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In 1998, Hyundai Motor America (HMA) sold 91,217 cars in the U.S. In 2010, it had a sales increase of 490%, selling 538,228 vehicles. And Mike O’Brien, vp of Corporate and Product Planning for HMA, anticipates that when the numbers from 2011 are tallied, HMA will have sold 600,000+ vehicles.
A contributor to this will be the fourth-generation Accent.
The Accent competes with the Toyota Yaris, Honda Fit, Nissan Versa, Ford Fiesta, Mazda2, and the Chevy Aveo (and the forthcoming Chevrolet Sonic). While the Fiesta and the Yaris are subcompact cars (based on the EPA classification, which is predicated on interior volume), the Accent sedan, like the Aveo sedan and the Versa sedan, is in the compact category, as it has total interior volume of 103.4-ft3. The five-door version offers best-in-class cargo volume of 21.2 ft3, and it is behind the Versa five door (112.5 ft3) and the Honda Fit five-door (114.4 ft3) in its total interior volume, 111.3 ft3.
Under the hood is a 1.6-liter gasoline-direct injection engine with double overhead cams, 16 valves, and dual continuously variable valve timing (CVVT). The engine, designated Gamma, produces 138 hp @ 6,300 rpm and 123 lb-ft of torque @ 4,850 rpm. The previous generation Accent also features a 1.6-liter engine, but it wasn’t as powerful, producing 110 hp @ 6,000 rpm and 106 lb-ft of torque @ 4,500 rpm. And it has a cast iron block and aluminum head, unlike the new Gamma engine’s all-aluminum construction, so not only is it less powerful, but it weighs 40 lb. more. The fuel economy for Gamma—with either a six-speed manual or six-speed automatic—is 30 mpg city/40 mpg highway. This is far more fuel efficient than the outgoing (code-named Alpha) engine, which returns 28 mpg city/34 mpg highway with a five-speed manual or 27/36 mpg with a four-speed automatic.
By way of contrast, Brandon Ramirez, senior manager, Product Planning, HMA, points out that the competitive set offers (1) far less horsepower (the closest is the 1.6-liter Fiesta with 120 hp @ 6,350 rpm); (2) less fuel efficiency (the closest is the estimated 30/38 mpg for the 2012 Versa); (3) more gears in its manual transmissions (Fiesta, Mazda2, Aveo, Yaris, Fit, and Versa all offer five-speeds) and more gears in its automatic than all but the Fiesta (although the Versa’s automatic is a continuously variable transmission).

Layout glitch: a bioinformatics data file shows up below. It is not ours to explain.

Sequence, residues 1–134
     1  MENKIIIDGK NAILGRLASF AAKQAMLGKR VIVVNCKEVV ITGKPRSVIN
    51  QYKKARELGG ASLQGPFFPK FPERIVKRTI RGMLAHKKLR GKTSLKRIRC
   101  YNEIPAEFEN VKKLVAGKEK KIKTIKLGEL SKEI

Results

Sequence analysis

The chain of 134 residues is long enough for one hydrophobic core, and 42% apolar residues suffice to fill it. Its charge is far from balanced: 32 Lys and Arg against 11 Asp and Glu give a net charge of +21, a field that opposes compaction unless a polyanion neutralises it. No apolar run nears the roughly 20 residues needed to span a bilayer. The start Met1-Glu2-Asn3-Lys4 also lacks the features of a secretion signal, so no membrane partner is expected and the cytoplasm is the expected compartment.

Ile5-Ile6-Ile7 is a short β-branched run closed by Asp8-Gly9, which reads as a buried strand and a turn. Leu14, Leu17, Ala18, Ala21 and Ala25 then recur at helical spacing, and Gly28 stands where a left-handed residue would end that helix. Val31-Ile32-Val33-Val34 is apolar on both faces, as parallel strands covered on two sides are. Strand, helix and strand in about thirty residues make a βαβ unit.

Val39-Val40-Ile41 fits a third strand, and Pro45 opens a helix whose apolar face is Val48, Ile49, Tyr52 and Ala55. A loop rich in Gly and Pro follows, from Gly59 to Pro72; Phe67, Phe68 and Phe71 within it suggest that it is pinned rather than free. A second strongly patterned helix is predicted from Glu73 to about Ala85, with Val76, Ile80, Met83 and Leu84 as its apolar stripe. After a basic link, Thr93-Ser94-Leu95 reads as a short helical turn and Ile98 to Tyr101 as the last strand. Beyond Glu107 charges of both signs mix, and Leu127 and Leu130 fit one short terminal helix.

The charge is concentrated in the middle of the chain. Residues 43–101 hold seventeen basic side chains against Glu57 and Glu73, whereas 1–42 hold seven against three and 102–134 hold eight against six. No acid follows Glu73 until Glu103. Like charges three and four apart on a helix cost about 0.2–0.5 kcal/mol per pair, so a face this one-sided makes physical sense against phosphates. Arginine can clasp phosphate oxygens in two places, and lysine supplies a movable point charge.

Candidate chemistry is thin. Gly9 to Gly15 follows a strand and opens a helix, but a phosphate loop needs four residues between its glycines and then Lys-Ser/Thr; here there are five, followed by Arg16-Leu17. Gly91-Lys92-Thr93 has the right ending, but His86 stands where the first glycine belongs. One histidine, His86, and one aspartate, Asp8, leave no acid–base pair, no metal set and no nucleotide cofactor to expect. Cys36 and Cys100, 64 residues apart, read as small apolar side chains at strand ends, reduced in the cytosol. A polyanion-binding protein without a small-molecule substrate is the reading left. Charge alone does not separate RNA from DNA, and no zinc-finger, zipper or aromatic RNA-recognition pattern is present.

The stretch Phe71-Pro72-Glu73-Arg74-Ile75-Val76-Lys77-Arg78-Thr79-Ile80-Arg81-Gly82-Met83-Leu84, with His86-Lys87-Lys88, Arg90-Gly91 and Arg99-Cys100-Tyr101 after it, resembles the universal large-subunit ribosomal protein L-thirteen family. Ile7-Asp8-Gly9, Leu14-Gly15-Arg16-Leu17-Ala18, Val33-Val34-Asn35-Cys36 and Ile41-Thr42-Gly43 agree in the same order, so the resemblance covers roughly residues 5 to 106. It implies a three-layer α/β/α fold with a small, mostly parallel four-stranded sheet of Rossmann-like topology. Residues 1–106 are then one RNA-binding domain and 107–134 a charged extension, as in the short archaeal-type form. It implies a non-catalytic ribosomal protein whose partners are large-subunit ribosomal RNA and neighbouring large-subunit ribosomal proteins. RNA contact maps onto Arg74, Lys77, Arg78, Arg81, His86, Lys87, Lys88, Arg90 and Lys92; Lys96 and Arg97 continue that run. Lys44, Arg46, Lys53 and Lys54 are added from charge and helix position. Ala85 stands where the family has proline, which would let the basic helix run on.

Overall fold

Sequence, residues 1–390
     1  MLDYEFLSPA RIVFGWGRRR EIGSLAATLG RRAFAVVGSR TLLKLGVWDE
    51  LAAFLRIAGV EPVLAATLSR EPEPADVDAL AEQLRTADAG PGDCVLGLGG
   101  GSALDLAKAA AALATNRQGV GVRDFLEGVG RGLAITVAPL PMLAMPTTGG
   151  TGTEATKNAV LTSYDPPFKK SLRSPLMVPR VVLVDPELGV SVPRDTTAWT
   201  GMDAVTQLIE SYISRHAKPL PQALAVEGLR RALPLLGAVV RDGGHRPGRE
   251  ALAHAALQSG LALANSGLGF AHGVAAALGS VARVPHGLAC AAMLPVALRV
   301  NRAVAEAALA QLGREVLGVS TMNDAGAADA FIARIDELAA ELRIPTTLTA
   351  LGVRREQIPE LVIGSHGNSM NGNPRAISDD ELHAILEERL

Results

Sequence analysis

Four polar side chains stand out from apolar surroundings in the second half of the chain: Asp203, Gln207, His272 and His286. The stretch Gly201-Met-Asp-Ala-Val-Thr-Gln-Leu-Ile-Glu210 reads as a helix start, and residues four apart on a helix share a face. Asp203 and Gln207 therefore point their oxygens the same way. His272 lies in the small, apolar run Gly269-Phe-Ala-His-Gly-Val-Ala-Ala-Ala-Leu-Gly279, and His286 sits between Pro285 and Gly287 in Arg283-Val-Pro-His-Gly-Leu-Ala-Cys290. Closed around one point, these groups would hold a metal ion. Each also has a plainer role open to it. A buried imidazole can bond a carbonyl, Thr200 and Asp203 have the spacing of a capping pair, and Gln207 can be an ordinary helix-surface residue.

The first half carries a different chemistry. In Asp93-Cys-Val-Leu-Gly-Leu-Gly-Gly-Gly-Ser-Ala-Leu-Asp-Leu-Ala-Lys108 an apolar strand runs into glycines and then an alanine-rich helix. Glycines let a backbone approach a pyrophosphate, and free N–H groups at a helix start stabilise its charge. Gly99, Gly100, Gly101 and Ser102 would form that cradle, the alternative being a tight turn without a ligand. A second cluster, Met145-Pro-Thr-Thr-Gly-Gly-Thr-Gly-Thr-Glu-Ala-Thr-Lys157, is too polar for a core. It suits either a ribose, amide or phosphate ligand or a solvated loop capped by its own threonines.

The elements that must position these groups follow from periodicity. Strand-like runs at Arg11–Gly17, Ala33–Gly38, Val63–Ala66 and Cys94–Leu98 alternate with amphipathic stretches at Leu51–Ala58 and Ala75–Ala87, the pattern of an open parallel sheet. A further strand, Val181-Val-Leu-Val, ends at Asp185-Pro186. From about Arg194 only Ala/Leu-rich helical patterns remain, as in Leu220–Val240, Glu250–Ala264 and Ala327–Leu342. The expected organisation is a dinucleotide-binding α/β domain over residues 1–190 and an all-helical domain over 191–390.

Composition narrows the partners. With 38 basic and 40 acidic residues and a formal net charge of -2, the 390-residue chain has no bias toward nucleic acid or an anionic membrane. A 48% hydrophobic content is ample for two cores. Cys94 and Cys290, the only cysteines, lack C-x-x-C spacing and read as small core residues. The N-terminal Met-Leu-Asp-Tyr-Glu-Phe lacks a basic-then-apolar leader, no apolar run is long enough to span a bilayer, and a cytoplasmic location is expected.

To achieve the 40 mpg and the 138 hp, engine features such things as:
One of the things that Hyundai engineers have been focusing on since the release of the current-generation Sonata (MY 2011) is weight-to-power ratio. Basically, a light car with a powerful engine has a better ratio than a heavy car with a powerful engine. The curb weight for the Accent four door with a manual transmission is 2,396 lb.; the curb weight for the five-door is 2,430 lb. Which gives the former a weight-to-power ratio of 17.4 and 17.6, respectively. The next closest in the category is the Honda Fit, which weighs 2,439 lb. and has a 117-hp engine, which makes its ratio 21.3. To achieve this reduced curb weight, every element of the vehicle was looked at, which led to things including a plastic intake manifold, monotube (instead of dual) shock absorbers, and a body construction deploying 38% high-tensile and 21% ultra-high tensile steels. (The body rigidity, incidentally, is 15.6 10^kgf/rad, which is 22% better than the outgoing model.)
Like the current Elantra and Sonata models, the Accent deploys the Hyundai Fluidic Sculpture design language. It features the hexagonal grille design, wrap-around headlamps and taillamps, sculpted hood creases, deep side character line, rising wedge shape from front to rear, truncated decklid with a kickup on the trailing edge. Which contributes (as does a flat engine undercover) to a coefficient of drag of 0.30, which is bested by the 0.29 cD of the Yaris.—GSV